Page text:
PRRI noted that the Philippines is “a viable and healthy market” for condom manufacturers due to its growing population.
Thailand supplied 37.8 percent of our condom purchases last year at $1.951 million, which was about 6.825 million pieces.
Another import that starts with C are cards; playing cards, in fact. Shipments of playing cards to the Philippines grew at an average rate of 16.5 percent over the past decade with last year’s import bill reaching $16.07 million.
That is about 11.312 million packs of cards entering the local market with Japan supplying over 64 percent of it (7.253 million packs).
One of the imports the BusinessMirror noted was seawater, which some economists interviewed described to be “surprising.”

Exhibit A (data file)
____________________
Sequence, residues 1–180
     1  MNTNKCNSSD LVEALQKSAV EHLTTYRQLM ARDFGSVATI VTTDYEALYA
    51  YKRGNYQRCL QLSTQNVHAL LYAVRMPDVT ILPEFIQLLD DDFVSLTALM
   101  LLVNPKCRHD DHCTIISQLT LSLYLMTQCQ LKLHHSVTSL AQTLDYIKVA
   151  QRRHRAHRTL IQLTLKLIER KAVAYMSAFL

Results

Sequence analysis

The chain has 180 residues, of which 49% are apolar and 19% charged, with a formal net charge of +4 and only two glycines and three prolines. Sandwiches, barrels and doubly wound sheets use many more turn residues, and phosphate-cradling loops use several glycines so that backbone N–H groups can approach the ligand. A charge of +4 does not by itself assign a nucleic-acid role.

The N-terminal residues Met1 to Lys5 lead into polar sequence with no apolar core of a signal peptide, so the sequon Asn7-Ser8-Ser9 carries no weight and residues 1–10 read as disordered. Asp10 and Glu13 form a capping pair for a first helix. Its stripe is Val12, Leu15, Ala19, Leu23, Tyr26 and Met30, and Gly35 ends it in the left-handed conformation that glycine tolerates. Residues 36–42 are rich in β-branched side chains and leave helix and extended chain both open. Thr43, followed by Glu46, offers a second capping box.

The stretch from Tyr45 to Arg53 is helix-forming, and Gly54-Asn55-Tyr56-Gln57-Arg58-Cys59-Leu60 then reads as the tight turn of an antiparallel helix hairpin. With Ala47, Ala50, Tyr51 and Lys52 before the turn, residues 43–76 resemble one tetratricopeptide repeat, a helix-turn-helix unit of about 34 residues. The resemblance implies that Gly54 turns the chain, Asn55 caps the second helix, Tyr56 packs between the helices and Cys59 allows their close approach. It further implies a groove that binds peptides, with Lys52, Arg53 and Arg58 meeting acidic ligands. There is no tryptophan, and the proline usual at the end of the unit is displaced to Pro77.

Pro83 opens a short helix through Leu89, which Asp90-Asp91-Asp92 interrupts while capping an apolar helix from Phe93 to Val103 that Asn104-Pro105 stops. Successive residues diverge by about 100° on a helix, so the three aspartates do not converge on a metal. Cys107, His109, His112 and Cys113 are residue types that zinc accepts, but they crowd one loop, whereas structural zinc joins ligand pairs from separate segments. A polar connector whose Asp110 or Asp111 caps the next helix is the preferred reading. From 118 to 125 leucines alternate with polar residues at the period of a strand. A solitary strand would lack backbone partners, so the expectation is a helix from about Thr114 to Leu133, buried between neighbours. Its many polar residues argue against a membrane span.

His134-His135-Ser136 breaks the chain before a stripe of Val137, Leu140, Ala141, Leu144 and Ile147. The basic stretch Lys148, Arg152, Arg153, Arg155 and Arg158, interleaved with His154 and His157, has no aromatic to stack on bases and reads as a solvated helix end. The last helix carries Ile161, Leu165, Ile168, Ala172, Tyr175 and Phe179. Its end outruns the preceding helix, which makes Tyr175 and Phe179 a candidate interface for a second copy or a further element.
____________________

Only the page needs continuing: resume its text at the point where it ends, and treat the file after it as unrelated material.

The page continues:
The Philippines imports seawater despite its vast water resources. Last year the country imported $12.205 million worth of seawater or around 296.541 million kilograms.
The imports were presumably used by the food and beverage sector (F&B) for its salt requirement as seawater is classified under salt products.
Australia was the country’s top seawater supplier at $10.677 million.
It’s not just seawater that we are purchasing abroad but also mineral and aerated water.
Imports of these products last year rose to an all-year high of $11.667 million.
The Philippines bought 44.582 million liters of mineral and aerated water last year.
Indonesia was the country’s top supplier at $9.167 million followed by France at $1.459 million.
Majority of motorcycle helmets are also imported, with imports reaching an all-time high as well last year at $10.698 million, which was about 2.430 million pieces.
Around 68.4 percent of the country’s helmets purchase abroad came from China ($7.318 million and 1.793 million pieces).